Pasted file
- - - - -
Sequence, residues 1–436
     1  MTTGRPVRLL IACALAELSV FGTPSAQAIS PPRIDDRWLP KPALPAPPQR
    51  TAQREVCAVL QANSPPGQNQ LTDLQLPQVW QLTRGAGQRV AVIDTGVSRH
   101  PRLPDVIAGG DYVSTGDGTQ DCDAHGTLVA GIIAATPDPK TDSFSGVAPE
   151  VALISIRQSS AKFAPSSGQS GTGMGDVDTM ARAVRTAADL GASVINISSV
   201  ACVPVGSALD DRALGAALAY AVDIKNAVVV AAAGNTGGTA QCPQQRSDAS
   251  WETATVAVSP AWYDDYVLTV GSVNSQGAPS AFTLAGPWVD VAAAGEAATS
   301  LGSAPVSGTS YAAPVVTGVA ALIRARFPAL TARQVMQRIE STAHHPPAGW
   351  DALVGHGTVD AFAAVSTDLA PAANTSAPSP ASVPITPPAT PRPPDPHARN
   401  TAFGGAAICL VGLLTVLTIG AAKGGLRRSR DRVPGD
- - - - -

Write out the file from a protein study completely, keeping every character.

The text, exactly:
Sequence, residues 1–436
     1  MTTGRPVRLL IACALAELSV FGTPSAQAIS PPRIDDRWLP KPALPAPPQR
    51  TAQREVCAVL QANSPPGQNQ LTDLQLPQVW QLTRGAGQRV AVIDTGVSRH
   101  PRLPDVIAGG DYVSTGDGTQ DCDAHGTLVA GIIAATPDPK TDSFSGVAPE
   151  VALISIRQSS AKFAPSSGQS GTGMGDVDTM ARAVRTAADL GASVINISSV
   201  ACVPVGSALD DRALGAALAY AVDIKNAVVV AAAGNTGGTA QCPQQRSDAS
   251  WETATVAVSP AWYDDYVLTV GSVNSQGAPS AFTLAGPWVD VAAAGEAATS
   301  LGSAPVSGTS YAAPVVTGVA ALIRARFPAL TARQVMQRIE STAHHPPAGW
   351  DALVGHGTVD AFAAVSTDLA PAANTSAPSP ASVPITPPAT PRPPDPHARN
   401  TAFGGAAICL VGLLTVLTIG AAKGGLRRSR DRVPGD